I’m not a chick lit writer.
Yes, I wrote a novel called Fashionistas, which featured well-heeled fashion editors drinking pink cocktails in swank hotel bars. But it was a satire taking aim at well-heeled fashion editors drinking pink cocktails in swank hotel bars. The editor in chief of Fashionista magazine puts Jesus Christ in haute couture on the cover because she thinks the messiah is the ultimate cultural get: As John Lennon proved, nobody is bigger than Jesus. She builds the entire issue around him with articles about must-have resurrection wear and hot nativity scenes owned by hotter celebrities.
My publicist clucked benignly at my insistence that Fashionistas wasn’t chick lit. “PR lesson number one,” she said, “always play to your largest audience.”
But rather than widening the field, chick lit seemed to narrow it. The term itself was demeaning and dismissive and precluded half the human race. Moreover, it implied that my heroine’s biggest concern was finding a boyfriend after a series of humiliating/wacky/awkward/emotionally scarring first dates.
Appalled, I dug in. The world would end in a fiery conflagration before I aligned myself with those frothy, pink-covered dating sagas.
The aversion was not unique to me.
An article about chick lit in The Independent in September (“Have We Fallen Out of Love with Chick Lit?”) demonstrates clearly that few chick lit writers actually consider themselves chick lit writers: Polly Courtney’s contention that her most recent novel, which is set at a men’s magazine, isn’t chick lit because it deals with “social issues” is far too familiar.
The defensive posturing might salve our consciences, but it does little to alter public perception. Fashionistas was universally hailed as chick lit, a fact that ultimately worked to its benefit. For all my disavowing, the book did in fact play to a large audience, and I had the wonderful pleasure of publishing two more novels before the backlash kicked in (a backlash that, curiously, seems to be only just beginning in England, home of Bridget Jones).
The backlash hit me hard. My next two books—one about media execs on a remote island in southeast Asia, the other a fictionalized account of my own endless movie-option epic—were roundly rejected for being chick lit, even by editors who wrote lovely notes about how much they liked my writing. One editor even waxed nostalgic for the glory days of chick lit when she’d offered mid five figures for Fashionistas. (Her memory, though flattering, is faulty: She rejected the manuscript, for which I ultimately got mid four figures.)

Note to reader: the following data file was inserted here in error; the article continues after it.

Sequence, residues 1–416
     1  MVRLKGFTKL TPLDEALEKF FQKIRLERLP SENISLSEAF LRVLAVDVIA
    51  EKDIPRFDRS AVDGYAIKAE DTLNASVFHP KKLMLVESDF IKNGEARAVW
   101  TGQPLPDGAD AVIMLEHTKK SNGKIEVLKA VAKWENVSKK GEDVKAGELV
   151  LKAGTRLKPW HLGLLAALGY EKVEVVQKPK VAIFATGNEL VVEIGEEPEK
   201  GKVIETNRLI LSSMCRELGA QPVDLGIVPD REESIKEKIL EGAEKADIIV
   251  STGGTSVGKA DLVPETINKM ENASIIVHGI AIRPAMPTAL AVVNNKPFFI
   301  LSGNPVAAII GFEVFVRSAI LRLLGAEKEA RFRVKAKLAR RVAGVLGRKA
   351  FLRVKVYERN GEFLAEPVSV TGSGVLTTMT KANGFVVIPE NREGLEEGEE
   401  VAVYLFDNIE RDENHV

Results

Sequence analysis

In the wake of these failures, I evaluated my writing and identified the elements that made my books chick lit: subject matter, style, humor, setting. The only solution was to change everything, so my next project was a middle-grade book about robots who invent an incredible machine that turns out to be smarter than they.
That didn’t sell.
Next, my agent suggested I write a cozy (a type of mystery; think Murder, She Wrote) because the cozy market was thriving in the weak economy. I began a murder mystery set in a small, dysfunctional co-op apartment building near Washington Square Park. Twenty pages of stilted dialogue and stagy scenes later, I realized I was wasting my time. Even if I managed to finish the book, it would be workmanlike at best. I don’t love mysteries. I’m not inspired by a capable amateur sleuth, or even an incapable one, trying to figure out whodunit. I’m inspired by smart, funny career women trying to figure out life.
Damn the consequences, I thought. I’m writing chick lit.
But not just any chick lit—chick lit with a calculated twist, something that would make it palatable to a chick-lit-adverse public. Zombies, I thought, over lunch with a People.com editor who mentioned in passing the many zombie projects in the works for 2012. Brain-munching, flesh-rotting, argh-spewing zombies. Everybody loves a reanimated corpse.
Three months later, the first draft of The Girls Guide to Dating Zombies was done.
Even so, I’m still not comfortable with the label “chick lit.” The feminist in me who has struggled for twenty years to be taken seriously as a woman cringes at any use of the word chick that doesn’t refer to a newly hatched bird. But I’m done fighting the inevitable. The battle over nomenclature was always just a distraction anyway. Its goal was to divide women into two camps—This Isn’t Chick Lit (edited by Elizabeth Merrick) versus This Is Chick Lit (edited by Lauren Baratz-Logsted)—when we should have been joining forces against a sexist culture that insists on pigeonholing women’s commercial fiction into any category, cutesy or otherwise, and leaving men’s commercial fiction to stand as, well, fiction.
This is why, in the spirit of defeat and defiance, I’m reclaiming the term chick lit for myself: I’m a chick lit writer.
Worse—I’m a zombie chick lit writer.
Oh, yes, the end of the world is upon us.
Lynn Messina is the author of six novels, including The Girls’ Guide to Dating Zombies, which will be available as an ebook on Valentine’s Day. In the meantime, get great zombie-dating tips at zombiedating.wordpress.com.